Gastrointestinal ulceration is an important medical problem in horses, in which the prevalence in animals involved in showing and racing has been listed as 81–93%, and even as high as 100% in some studies. In Thoroughbreds and Standardbreds the prevalence is was 80–95%; and in show horses it may be as high as 58%. Factors such as stall confinement, intense exercise, diet (high energy concentration in diet), and racing stress may be contributing factors. Location of ulcers in horses is primarily in the squamous epithelium (nonglandular portion). Factors that contribute to ulcers are the intermittent feeding schedule and high stomach acidity. In sick foals, ulcers also are common. Factors that contribute to ulcers in foals are NSAIDs, stress, and sepsis.


The common antacids are bases of either aluminum, magnesium, or calcium. Examples include aluminum hydroxide (Al(OH)3), magnesium hydroxide (Mg(OH)2), and calcium carbonate (CaCO3, e.g., Tums®). These drugs neutralize stomach acid through a simple reaction to form water and a neutral salt. They have no systemic effects. In addition to their acid-neutralizing ability, antacids may benefit patients by decreasing pepsin activity, binding to bile acids in the stomach, and stimulating local prostaglandin (e.g., PGE2) synthesis.


These drugs are common and almost always available over-the-counter (OTC). Commonly available antacid preparations (e.g., Maalox®, Mylanta®, DiGel®) are combinations of magnesium hydroxide and aluminum hydroxide to optimize the buffering abilities of each compound. These combinations balance the adverse effects of constipation from aluminum hydroxide and the laxative effect from magnesium hydroxide. One of the common products is Gaviscon®, which is popular for reflux esophagitis (heartburn) in people. The regular strength tablets contain 80 mg aluminum hydroxide and 14.2 mg magnesium trisilicate. The oral liquid contains 95 mg aluminum hydroxide and 358 mg magnesium carbonate per 5 ml (mint flavor). The tablets must not be swallowed whole and should be chewed, which should be considered before using the tablets for pets.

Adverse Effects / Interactions

Adverse effects from antacids are rare because they are seldom administered long term. Additionally, antacids are not absorbed and therefore lack serious systemic effects. In animals with kidney disease, magnesium accumulation may be a problem. For example, Gaviscon® oral suspension contains 115 mg magnesium per 5 ml. Antacids will interfere with the oral absorption of other drugs (e.g., tetracyclines, fluoroquinolones, and digoxin), if administered concurrently. The magnesium component, like any divalent cation (Mg++) can chelate with fluoroquinolones or tetracyclines and inhibit oral absorption. If these drugs are used together, administer the antibiotic 2 hours prior to the antacid drug. Oral antacids also reduce stomach acid, which affects oral absorption of some medications, particularly oral azole antifungal drugs. This is discussed with the drug interactions for other acid-suppressing drugs in Section Drug Interactions with Proton Pump Inhibitors.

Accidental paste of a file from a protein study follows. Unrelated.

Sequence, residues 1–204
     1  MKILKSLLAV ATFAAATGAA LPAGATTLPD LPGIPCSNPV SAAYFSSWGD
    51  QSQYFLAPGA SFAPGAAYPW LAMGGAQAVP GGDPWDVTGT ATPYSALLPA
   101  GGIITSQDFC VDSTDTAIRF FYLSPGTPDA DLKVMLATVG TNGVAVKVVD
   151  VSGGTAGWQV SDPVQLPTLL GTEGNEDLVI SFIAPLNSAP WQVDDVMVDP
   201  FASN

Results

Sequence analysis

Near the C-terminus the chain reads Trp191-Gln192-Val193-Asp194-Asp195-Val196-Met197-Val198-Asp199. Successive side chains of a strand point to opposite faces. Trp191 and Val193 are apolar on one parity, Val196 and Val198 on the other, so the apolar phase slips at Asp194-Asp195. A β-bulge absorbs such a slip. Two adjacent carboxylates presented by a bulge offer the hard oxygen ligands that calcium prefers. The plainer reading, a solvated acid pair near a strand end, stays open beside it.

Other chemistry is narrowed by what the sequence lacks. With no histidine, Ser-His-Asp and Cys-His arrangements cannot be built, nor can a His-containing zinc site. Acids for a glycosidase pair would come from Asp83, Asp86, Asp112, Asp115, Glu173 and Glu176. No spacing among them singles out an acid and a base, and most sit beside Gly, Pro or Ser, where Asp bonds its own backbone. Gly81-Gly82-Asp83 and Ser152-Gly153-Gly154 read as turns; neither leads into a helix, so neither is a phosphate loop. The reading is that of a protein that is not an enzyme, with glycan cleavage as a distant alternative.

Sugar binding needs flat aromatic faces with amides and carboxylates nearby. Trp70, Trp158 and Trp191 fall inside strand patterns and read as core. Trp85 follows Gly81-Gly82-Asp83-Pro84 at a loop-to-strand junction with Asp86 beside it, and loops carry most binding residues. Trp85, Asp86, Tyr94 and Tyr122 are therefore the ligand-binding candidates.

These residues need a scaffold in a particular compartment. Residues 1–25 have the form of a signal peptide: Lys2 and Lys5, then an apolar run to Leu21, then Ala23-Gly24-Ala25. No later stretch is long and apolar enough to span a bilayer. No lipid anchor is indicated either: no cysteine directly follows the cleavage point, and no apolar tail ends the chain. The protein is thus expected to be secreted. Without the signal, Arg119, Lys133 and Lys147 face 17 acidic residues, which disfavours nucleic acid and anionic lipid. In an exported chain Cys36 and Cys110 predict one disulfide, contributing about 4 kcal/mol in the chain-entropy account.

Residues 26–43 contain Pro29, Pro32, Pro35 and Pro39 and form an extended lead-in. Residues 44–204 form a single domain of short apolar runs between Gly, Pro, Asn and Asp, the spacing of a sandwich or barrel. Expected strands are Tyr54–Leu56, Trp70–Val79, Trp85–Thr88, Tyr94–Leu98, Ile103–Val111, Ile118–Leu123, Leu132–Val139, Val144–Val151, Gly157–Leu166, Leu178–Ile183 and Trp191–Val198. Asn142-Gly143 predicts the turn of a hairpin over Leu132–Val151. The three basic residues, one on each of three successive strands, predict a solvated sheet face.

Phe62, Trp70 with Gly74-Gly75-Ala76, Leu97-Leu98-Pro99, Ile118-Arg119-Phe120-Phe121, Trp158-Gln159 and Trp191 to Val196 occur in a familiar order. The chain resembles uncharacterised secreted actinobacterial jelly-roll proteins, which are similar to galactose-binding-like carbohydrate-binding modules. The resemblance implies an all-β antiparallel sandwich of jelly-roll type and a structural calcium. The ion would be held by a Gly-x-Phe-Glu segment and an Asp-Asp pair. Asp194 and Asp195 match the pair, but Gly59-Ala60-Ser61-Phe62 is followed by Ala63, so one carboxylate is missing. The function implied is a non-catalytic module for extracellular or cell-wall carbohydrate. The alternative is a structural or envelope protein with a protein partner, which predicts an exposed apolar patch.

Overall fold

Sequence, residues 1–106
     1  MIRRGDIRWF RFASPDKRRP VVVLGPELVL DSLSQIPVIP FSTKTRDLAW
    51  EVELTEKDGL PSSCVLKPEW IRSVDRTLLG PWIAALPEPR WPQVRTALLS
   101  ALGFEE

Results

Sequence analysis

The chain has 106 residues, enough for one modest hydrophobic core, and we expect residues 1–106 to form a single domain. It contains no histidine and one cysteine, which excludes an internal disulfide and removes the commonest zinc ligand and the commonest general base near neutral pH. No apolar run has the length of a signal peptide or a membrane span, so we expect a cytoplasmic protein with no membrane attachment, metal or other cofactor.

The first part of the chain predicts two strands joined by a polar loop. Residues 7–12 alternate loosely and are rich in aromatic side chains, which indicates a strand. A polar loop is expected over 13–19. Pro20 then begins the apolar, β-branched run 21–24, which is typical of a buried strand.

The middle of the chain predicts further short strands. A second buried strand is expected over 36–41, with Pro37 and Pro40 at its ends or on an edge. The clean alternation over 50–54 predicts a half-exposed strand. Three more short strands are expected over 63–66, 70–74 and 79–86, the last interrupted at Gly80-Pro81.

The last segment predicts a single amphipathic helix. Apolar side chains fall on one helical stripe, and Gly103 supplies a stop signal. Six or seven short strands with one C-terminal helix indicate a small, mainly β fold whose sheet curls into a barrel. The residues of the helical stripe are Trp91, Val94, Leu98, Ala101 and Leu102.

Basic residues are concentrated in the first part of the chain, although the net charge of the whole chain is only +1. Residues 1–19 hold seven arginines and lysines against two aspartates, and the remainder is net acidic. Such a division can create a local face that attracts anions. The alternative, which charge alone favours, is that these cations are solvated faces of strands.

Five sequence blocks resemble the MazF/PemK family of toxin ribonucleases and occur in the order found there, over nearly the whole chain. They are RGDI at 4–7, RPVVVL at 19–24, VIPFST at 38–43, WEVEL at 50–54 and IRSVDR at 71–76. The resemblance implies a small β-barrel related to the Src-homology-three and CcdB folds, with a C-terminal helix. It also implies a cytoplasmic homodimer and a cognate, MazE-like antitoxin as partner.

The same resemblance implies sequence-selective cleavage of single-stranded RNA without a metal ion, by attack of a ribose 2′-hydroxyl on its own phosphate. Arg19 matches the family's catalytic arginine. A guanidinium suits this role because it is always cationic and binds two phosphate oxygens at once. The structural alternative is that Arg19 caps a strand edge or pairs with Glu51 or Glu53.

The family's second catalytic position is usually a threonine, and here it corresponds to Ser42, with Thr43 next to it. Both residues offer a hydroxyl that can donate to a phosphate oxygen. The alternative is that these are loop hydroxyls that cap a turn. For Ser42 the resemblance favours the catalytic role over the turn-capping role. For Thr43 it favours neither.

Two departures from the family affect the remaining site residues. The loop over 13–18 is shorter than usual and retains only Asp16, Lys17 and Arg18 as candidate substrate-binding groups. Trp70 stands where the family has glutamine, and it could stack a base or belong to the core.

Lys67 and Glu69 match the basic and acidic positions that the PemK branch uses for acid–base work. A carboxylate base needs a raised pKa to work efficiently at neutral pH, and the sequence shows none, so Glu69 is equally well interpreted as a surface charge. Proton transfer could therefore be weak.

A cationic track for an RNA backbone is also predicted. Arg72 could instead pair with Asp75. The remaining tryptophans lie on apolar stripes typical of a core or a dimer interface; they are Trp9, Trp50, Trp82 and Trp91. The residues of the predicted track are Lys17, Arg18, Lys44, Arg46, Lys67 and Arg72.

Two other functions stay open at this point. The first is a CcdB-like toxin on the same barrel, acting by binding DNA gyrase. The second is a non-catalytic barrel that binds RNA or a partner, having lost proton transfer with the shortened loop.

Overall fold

Dosing Recommendations

Dose recommendations vary and are not precisely determined for dogs and cats. Empirically, 5–10 ml six times daily for small animals is often cited, regardless of the animal’s size or product used. The frequency of administration is a significant disadvantage for administration to pets; therefore, if long-term acid suppression is needed for dogs or cats, other agents are used (see other drugs in Section Drugs for Treatment of Gastrointestinal Ulcers in Animals). Doses of 180 to 250 ml have been administered to adult horses, but only suppressed acidity for 45 min to 2 hours (Murray, 1997). A dose of 30–60 ml for calves and foals has been recommended. For the treatment of acid rumen, magnesium hydroxide has been administered orally at a dose of 225–440 grams per adult cow, or mineral oil at 4 liters per rumen. For the treatment of grain overload, antacids have been administered at a dose of 450 grams per rumen, repeated every 6–8 hours.

Histamine H2-Receptor Antagonists

These drugs include cimetidine (the first in this class), ranitidine, famotidine, and nizatidine. These drugs became extremely popular after the initial release in the 1980s, but the use has declined because of the more potent and longer-acting proton pump inhibitors (discussed in Section Proton Pump Inhibitors). Blockade of histamine H2 receptors inhibits gastric acidity that can be beneficial for ulcer healing in the stomach and duodenum. In animals the evidence for efficacy – based on data generated from controlled studies – is lacking. In studies that have measured stomach acidity, or compared results with proton pump inhibitors (e.g., omeprazole) the H2-receptor antagonists were less effective. Nevertheless, many veterinarians continue to administer cimetidine, ranitidine, and famotidine with the impression that they are beneficial for the treatment of gastric and duodenal ulceration, gastric erosions, esophageal reflux disease, and gastritis in animals. There are various drugs in this group. They vary in their potency (Table 46.4) and in their pharmacokinetics, but there is no evidence for differences in efficacy among the drugs.

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Feb 8, 2018 | Posted by in PHARMACOLOGY, TOXICOLOGY & THERAPEUTICS | Comments Off on Drugs for Treating Gastrointestinal Diseases